Summary: Five years of crisis in Europe, yet its streets remain mostly calm. What accounts for this? How long will it continue?
“At the heart of the crisis, there is the challenge of redefining the social contract to safeguard the sustainability of Europe’s social model.”
— Speech by Benoit Coeure (Executive Board of the ECB), 2 March 2013
“Spot on, Benoit. The trouble is European leaders and institutions seem to want to redefine the contract in ways that at least half of European citizens don’t approve, or trust them to carry out. So underneath the three-headed crisis of austerity, banking and sovereign debt, we have one of legitimacy and trust, which is feeding social unrest.”
— George Magnus, Economic Advisor, UBS, 20 March 2013
- Why is Europe still stable?
- What comes next?
- Compare with China
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(1) Why is Europe still stable?
The stability in Europe since the second downturn began in March 2010 has surprised many observers (eg, me). Three years of depressionary conditions in the periphery have produced no large, severe outbreaks of social unrest. Elections have produced majorities in favor of the European Union and the austerity it mandates (we’ll soon see if February’s election in Italy broke this record).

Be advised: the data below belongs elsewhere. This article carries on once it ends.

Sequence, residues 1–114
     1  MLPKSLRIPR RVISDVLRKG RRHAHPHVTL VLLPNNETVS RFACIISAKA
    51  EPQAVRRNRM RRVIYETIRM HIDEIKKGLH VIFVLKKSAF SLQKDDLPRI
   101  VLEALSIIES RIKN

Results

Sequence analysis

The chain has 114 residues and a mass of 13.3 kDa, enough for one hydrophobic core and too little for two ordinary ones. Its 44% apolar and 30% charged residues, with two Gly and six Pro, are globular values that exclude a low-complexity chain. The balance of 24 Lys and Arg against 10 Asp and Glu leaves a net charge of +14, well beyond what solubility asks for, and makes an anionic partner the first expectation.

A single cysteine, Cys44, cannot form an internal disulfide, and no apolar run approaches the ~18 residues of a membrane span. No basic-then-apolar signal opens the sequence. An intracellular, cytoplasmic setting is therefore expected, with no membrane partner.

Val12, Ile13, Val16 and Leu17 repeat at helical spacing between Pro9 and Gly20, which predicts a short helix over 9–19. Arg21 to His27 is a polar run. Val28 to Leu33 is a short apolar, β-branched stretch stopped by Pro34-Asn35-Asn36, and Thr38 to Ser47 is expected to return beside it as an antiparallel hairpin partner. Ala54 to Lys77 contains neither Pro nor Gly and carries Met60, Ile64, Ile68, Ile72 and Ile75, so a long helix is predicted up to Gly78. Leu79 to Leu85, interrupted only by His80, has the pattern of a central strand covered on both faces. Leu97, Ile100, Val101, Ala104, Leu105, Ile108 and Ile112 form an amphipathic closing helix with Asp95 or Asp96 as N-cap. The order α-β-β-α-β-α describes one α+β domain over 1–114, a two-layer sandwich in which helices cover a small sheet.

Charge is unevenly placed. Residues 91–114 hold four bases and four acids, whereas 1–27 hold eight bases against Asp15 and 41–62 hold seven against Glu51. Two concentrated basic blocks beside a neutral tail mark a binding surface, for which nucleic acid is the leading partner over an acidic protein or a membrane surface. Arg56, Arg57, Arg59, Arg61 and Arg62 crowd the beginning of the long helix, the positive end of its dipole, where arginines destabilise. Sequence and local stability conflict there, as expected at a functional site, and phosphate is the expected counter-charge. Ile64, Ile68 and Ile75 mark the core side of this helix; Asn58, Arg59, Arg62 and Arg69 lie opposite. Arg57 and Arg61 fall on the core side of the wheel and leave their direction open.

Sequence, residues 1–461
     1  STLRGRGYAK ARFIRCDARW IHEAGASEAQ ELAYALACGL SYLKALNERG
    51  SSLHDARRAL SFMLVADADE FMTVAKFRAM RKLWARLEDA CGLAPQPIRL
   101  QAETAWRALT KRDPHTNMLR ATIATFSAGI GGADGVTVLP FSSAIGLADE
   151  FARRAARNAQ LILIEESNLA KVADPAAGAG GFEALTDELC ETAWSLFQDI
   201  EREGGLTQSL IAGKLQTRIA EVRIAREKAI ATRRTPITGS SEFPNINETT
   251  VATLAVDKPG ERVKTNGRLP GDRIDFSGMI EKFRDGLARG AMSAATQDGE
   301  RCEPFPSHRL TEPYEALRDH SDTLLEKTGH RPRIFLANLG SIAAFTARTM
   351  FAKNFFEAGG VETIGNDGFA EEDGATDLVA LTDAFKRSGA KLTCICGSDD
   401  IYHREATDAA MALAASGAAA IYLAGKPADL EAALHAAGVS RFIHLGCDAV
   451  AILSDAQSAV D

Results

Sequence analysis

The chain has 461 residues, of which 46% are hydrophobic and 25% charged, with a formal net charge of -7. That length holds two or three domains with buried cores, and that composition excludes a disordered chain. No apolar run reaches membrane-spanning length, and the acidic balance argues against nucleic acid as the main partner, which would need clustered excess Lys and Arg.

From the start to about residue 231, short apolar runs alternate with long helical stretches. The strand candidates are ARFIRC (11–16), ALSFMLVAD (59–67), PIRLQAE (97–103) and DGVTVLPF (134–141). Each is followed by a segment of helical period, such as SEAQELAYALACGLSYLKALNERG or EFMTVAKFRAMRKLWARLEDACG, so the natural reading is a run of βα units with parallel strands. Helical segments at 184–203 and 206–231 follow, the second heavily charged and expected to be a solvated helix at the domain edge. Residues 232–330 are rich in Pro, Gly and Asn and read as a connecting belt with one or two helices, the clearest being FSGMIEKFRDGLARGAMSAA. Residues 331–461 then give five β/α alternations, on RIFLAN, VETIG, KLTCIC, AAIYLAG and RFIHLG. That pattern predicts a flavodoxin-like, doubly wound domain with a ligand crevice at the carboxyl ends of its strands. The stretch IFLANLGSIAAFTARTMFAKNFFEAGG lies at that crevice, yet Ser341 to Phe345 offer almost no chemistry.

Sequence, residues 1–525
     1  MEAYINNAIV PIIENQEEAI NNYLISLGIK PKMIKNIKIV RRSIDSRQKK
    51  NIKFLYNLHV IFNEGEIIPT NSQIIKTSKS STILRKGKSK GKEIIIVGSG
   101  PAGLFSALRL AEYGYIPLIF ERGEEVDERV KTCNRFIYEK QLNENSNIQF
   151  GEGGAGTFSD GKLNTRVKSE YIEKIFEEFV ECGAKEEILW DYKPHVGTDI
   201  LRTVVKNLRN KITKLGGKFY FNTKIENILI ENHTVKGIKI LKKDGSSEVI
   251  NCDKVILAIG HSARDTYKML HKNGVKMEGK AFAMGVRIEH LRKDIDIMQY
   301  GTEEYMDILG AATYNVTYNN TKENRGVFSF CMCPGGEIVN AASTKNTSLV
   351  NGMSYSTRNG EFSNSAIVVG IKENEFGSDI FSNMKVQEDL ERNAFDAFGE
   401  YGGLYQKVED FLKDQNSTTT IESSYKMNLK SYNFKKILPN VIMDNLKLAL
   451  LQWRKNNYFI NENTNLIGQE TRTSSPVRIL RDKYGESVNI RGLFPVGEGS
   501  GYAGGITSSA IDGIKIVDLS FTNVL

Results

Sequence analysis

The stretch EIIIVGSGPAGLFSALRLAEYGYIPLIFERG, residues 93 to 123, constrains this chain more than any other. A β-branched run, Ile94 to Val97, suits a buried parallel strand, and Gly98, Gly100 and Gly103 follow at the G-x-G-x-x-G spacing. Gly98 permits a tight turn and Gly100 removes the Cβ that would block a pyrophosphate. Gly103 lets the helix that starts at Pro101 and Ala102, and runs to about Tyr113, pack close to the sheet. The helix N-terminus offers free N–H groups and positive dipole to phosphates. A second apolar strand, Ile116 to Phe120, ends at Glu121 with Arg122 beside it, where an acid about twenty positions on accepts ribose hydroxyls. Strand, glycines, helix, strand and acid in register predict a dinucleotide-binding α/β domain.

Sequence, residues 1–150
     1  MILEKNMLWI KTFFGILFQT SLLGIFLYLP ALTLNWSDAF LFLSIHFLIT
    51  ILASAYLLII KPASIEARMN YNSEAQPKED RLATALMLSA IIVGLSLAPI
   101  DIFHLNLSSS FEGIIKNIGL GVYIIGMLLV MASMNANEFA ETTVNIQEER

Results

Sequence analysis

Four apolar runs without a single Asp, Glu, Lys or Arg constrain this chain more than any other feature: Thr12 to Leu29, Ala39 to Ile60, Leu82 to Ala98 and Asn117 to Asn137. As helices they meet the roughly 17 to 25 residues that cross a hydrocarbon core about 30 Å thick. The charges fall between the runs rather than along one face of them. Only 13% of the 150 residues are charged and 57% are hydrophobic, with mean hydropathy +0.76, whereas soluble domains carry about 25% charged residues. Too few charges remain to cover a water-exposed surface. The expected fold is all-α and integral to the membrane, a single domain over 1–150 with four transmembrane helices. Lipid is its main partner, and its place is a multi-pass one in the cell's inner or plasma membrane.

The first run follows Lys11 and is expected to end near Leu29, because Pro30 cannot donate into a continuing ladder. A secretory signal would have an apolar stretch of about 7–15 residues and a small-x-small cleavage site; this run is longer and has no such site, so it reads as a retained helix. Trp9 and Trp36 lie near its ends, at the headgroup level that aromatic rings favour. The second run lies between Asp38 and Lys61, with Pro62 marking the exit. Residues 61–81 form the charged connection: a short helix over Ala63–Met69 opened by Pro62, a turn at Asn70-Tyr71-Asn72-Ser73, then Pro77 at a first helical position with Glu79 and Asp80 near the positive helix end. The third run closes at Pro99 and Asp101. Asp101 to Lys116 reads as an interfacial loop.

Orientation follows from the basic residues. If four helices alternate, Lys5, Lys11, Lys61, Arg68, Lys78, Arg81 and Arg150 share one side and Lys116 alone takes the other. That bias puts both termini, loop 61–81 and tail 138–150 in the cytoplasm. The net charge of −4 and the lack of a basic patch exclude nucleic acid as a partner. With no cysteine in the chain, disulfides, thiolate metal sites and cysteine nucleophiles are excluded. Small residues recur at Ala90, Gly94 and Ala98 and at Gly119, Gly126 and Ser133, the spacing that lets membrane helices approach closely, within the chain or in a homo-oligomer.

What produces this stability? The usual supports for incumbent systems are human inertia and people’s dislike of radical change. Hence the failure of the frequently made forecasts of regime change in developed nations. But those explanations seem in adequate, as does embrace of the EU from fear of war.
History provides a possible answer: the lack of an alternative. Thomas Kuhn in his The Structure of Scientific Revolutions (1962) says that scientific paradigms die not when they are disproven, but when they are replaced by a superior alternative. In much the same way revolutions (peaceful or otherwise) require a new political or economic ideology that can substitute for the old.
Without an alternative, accumulated stress breaks out in futile forms, such as protests and riots. These are a commonplace of history, such as the peasants’ protests (Wikipedia) and race riots (Wikipedia). These can produce incremental reforms (although they usually didn’t), but participants seldom had a vision of a realistic better system. Although recognized as defective, other systems were considered less attractive or unworkable (eg, plutocracy in Holland, city-states in Switzerland). For centuries this provided a buttress for European monarchies.
(2) What comes next in Europe?